This time around, Indy finds himself narrowly escaping a botched attempt in China to retrieve a precious diamond. He ends up in India, where he is employed by a small town to find a stolen gem as well as a multitude of kidnapped boys. This endeavour is quite unsettling as the truth that Indy uncovers is not only mean-spirited but downright terrifying. Accompanied with a cast of popular Indian actors that add to this film's universal appeal, Temple of Doom is a fun adventure that will disturb and enthrall in equal doses.
I loved this movie. Loved it loved it loved it loved it loved it.… MoreI loved this movie. Loved it loved it loved it loved it loved it. Loved its sense of adventure. Loved the chemistry between Harrison Ford's artifact obsessed Indiana Jones and Karen Allen's headstrong, alcohol tolerant Marion. Loved the clever banter and witty dialogue. Loved the evil villains who were portrayed by actors that made you hate their characters at every turn. Loved the humour that continually made you never take the film too seriously. Loved the car chases, shootouts, and hand to hand fight scenes. Loved the mysticism that revealed itself in the third act. Loved the mystery plot's seemless integration of history, fantasy, and archaeology. Loved Indiana's sidekick Sallah (played by a younger John Rhys-Davies). Loved the fact that no movie collection is complete without this masterpiece from director Steven Spielberg, writer Lawrence Kasdan, and producer George Lucas. This is nothing short of an incredible picture that is without a doubt one of the greatest movie adventures of all time.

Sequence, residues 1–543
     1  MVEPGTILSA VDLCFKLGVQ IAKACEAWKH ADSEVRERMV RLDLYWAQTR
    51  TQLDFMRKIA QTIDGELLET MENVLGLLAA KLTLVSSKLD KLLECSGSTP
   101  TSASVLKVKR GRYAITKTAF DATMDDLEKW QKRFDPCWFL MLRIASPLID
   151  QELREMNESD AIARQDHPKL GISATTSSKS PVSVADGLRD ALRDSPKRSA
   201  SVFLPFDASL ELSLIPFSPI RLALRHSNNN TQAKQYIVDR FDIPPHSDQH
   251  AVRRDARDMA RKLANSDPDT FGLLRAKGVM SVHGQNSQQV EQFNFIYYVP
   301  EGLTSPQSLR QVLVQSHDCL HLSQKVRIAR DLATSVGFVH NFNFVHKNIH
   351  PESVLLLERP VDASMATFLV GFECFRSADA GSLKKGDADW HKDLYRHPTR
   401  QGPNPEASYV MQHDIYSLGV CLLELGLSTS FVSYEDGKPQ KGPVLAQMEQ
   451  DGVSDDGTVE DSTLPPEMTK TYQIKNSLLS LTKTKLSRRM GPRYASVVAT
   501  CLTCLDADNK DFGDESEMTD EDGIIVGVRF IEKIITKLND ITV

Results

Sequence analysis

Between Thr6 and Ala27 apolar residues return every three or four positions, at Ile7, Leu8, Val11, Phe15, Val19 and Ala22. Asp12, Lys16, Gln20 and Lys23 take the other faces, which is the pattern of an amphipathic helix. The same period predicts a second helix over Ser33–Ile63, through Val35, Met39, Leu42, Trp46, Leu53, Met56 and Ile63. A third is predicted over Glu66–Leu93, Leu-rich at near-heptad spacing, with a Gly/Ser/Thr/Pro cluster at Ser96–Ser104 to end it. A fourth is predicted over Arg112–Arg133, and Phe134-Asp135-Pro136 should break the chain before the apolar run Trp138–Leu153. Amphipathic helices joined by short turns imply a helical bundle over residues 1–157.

Yeah it's stupid, and that's why I liked it. Any movie where actor… MoreYeah it's stupid, and that's why I liked it. Any movie where actor Jurgen Prochnow tells a Das Boot in-joke is alright by me. The title of this film alone tells you exactly the kind of film it's going to be. Beerfest will be about a team of ordinary people practicing and preparing for the ultimate drinking competition. Audiences will be subjected to lots of drinking and lots of games. Some may prefer to be actually doing these things instead of watching characters do them, but Beerfest has a lot of fun with its concept. Anyone who has ever had a crazy binge story can relate to this ridiculously over the top yet hilariously charming film.
Also keep in mind that this was written by Broken Lizard, the team responsible for Super Troopers and Club Dread. Both of those previous movies were incredibly dumb but someone help you if you didn't find them funny. Beerfest is right in the same league.